In a statement, the FDA said that the new study "covers a very wide range of issues," and "we are concerned that the researchers do not adequately consider the marked changes in the types of drugs and the patient populations targeted by development programs that FDA now reviews, compared to those from just 10 or 20 years ago, nor the type, quality, and extent of data FDA routinely receives now compared to decades ago."

The agency added that it believes that a failure to take those "marked changes" into account "can result in inaccurate conclusions."

HealthDay also reached out to PhRMA, a trade group representing the pharmaceutical industry, but did not receive comment.

Since the 1980s, various programs have been enacted by U.S. Congress or developed by the FDA to promote the creation of drugs for rare diseases or accelerate approval of promising medications that could benefit multitudes, researchers said in background notes.

"In 2018, more than 80% of new drugs benefitted from at least one special program," Darrow said.

These programs have weakened the review process by requiring the FDA to accept more flexible evidence, he said.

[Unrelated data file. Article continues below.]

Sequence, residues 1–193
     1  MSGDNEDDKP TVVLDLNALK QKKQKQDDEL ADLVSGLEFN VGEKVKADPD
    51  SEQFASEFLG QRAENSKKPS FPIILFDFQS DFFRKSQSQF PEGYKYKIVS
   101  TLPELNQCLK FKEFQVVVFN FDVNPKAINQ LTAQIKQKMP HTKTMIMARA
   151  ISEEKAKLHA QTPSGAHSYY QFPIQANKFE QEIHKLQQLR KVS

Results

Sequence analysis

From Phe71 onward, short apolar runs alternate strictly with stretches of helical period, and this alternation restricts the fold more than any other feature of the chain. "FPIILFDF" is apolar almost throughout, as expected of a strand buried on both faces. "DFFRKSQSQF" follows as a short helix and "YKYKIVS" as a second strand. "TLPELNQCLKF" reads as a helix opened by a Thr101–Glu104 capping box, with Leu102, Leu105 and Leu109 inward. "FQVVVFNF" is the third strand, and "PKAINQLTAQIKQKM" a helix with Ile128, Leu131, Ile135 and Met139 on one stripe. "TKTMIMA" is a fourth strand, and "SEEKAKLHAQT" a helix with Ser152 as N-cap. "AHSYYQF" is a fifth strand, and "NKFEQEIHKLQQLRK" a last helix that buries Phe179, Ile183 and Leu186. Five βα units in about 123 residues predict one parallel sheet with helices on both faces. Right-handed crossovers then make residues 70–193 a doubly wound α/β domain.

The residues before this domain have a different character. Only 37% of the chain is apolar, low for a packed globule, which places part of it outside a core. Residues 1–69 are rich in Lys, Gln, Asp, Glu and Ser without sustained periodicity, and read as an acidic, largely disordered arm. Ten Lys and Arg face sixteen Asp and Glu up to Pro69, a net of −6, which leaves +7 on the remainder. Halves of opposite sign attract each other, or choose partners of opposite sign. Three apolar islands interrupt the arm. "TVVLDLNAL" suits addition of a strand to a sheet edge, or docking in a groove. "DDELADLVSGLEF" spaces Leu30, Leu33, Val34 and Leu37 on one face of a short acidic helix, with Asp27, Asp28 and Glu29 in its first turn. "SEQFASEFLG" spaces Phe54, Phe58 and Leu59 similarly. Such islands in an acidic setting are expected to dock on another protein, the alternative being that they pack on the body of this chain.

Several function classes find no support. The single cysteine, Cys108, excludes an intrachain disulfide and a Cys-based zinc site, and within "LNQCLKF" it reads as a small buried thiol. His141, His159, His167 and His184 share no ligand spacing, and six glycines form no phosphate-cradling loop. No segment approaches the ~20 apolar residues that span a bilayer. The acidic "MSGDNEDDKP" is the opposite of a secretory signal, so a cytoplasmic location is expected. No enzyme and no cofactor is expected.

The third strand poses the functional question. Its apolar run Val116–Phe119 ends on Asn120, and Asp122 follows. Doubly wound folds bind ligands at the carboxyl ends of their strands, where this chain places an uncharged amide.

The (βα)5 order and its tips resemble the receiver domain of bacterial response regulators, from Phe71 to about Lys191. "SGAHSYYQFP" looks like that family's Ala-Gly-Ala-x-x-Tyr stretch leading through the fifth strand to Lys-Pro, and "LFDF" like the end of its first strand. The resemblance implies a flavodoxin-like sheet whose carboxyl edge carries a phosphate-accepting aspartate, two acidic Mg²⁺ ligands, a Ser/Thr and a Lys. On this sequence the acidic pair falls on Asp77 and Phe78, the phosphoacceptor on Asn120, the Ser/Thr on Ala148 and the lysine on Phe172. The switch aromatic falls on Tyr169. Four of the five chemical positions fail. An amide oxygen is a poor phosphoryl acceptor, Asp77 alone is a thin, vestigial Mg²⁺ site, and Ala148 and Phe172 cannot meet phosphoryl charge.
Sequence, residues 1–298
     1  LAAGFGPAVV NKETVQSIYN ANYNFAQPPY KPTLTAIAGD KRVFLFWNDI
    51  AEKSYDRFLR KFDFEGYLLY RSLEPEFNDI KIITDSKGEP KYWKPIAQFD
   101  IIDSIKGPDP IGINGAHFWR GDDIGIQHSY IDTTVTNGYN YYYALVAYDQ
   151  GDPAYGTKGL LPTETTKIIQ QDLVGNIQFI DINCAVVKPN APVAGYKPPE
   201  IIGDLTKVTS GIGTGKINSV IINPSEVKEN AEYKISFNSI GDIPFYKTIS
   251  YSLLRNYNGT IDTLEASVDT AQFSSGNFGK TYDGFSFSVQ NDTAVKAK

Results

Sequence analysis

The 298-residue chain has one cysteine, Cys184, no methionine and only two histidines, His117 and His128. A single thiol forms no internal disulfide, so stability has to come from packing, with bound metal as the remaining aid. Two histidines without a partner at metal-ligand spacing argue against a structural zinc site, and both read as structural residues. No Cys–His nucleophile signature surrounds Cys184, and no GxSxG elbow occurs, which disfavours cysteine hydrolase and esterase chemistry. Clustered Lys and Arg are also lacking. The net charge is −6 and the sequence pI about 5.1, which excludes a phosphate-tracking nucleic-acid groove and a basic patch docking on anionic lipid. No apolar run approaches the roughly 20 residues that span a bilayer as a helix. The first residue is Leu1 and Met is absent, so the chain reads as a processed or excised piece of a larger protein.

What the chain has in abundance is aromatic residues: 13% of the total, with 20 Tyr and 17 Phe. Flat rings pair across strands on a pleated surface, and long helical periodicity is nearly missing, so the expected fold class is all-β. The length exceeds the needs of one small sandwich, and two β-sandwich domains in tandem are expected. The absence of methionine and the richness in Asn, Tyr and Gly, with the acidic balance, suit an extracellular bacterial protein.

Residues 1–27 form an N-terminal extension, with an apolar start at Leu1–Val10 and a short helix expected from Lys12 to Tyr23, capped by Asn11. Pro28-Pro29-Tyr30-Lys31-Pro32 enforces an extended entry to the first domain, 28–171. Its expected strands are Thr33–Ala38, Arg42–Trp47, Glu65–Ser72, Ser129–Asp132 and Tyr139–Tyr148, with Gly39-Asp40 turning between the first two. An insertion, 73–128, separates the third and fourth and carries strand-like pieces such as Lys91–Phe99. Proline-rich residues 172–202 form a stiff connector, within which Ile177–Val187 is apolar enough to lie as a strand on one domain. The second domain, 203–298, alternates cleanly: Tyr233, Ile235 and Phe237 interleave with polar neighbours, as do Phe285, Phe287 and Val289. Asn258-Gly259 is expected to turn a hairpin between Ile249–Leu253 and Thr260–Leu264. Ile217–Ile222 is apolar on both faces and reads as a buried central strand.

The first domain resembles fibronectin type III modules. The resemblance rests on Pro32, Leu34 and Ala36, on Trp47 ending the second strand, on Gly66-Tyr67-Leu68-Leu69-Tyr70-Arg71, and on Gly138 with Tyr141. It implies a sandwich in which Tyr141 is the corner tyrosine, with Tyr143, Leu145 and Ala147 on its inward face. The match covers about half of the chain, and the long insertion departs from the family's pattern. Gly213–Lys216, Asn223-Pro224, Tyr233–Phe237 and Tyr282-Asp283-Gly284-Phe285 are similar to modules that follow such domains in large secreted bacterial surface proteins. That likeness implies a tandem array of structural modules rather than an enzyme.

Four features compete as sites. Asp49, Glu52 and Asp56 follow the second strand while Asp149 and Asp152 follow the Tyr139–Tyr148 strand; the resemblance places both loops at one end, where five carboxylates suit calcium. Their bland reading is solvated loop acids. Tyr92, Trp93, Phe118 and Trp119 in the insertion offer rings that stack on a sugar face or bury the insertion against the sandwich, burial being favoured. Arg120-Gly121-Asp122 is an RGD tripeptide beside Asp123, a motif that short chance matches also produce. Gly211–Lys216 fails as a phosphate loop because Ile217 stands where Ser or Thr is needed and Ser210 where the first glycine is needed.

For example, evidence of a drug's effect on cholesterol levels or tumor size can be used to get it approved, rather than evidence that the drug helped people live longer or feel better or avoid emergencies such a heart attacks, Darrow said.

But there's been no benefit from these programs in terms of how long it takes a company to create a new drug, he said.

"We found there was a relatively stable period between when clinical trials began and when drugs were approved. We did not see a steep decline in the clinical development period," Darrow said.

Disturbingly, the FDA has also become more financially reliant on money from pharmaceutical companies, researchers found.

The amount of the FDA budget that comes from the pharmaceutical industry has increased from about $300 million in the 1990s to just over $4 billion in the 2010s, researchers found. These fees are used to accelerate review times, researchers said.

The FDA has tried to offset the accelerated approval process by requiring companies to track drug effectiveness and safety after it's reached the market, Darrow noted.